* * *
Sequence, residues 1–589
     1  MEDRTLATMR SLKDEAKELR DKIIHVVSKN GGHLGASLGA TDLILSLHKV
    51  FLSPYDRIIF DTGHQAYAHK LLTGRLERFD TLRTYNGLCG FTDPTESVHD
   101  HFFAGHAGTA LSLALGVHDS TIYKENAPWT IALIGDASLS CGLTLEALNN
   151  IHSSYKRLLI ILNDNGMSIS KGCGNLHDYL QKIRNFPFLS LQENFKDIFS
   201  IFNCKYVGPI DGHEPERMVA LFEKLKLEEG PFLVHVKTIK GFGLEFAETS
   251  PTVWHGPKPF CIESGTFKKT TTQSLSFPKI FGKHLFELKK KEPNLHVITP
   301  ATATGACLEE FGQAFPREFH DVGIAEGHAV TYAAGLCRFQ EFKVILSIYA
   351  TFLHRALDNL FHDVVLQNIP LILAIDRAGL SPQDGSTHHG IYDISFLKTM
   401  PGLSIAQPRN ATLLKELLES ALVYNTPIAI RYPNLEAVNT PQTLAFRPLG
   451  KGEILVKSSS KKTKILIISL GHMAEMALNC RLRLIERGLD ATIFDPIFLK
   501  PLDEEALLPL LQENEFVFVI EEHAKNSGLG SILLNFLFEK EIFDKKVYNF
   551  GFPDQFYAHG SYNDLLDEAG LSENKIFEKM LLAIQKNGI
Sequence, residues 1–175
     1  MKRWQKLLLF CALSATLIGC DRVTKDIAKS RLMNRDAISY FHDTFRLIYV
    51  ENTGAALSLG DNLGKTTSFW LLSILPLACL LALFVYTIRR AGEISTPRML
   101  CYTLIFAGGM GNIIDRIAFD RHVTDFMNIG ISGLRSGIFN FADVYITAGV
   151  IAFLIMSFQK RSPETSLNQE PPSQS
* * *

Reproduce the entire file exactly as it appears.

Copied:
Sequence, residues 1–589
     1  MEDRTLATMR SLKDEAKELR DKIIHVVSKN GGHLGASLGA TDLILSLHKV
    51  FLSPYDRIIF DTGHQAYAHK LLTGRLERFD TLRTYNGLCG FTDPTESVHD
   101  HFFAGHAGTA LSLALGVHDS TIYKENAPWT IALIGDASLS CGLTLEALNN
   151  IHSSYKRLLI ILNDNGMSIS KGCGNLHDYL QKIRNFPFLS LQENFKDIFS
   201  IFNCKYVGPI DGHEPERMVA LFEKLKLEEG PFLVHVKTIK GFGLEFAETS
   251  PTVWHGPKPF CIESGTFKKT TTQSLSFPKI FGKHLFELKK KEPNLHVITP
   301  ATATGACLEE FGQAFPREFH DVGIAEGHAV TYAAGLCRFQ EFKVILSIYA
   351  TFLHRALDNL FHDVVLQNIP LILAIDRAGL SPQDGSTHHG IYDISFLKTM
   401  PGLSIAQPRN ATLLKELLES ALVYNTPIAI RYPNLEAVNT PQTLAFRPLG
   451  KGEILVKSSS KKTKILIISL GHMAEMALNC RLRLIERGLD ATIFDPIFLK
   501  PLDEEALLPL LQENEFVFVI EEHAKNSGLG SILLNFLFEK EIFDKKVYNF
   551  GFPDQFYAHG SYNDLLDEAG LSENKIFEKM LLAIQKNGI
Sequence, residues 1–175
     1  MKRWQKLLLF CALSATLIGC DRVTKDIAKS RLMNRDAISY FHDTFRLIYV
    51  ENTGAALSLG DNLGKTTSFW LLSILPLACL LALFVYTIRR AGEISTPRML
   101  CYTLIFAGGM GNIIDRIAFD RHVTDFMNIG ISGLRSGIFN FADVYITAGV
   151  IAFLIMSFQK RSPETSLNQE PPSQS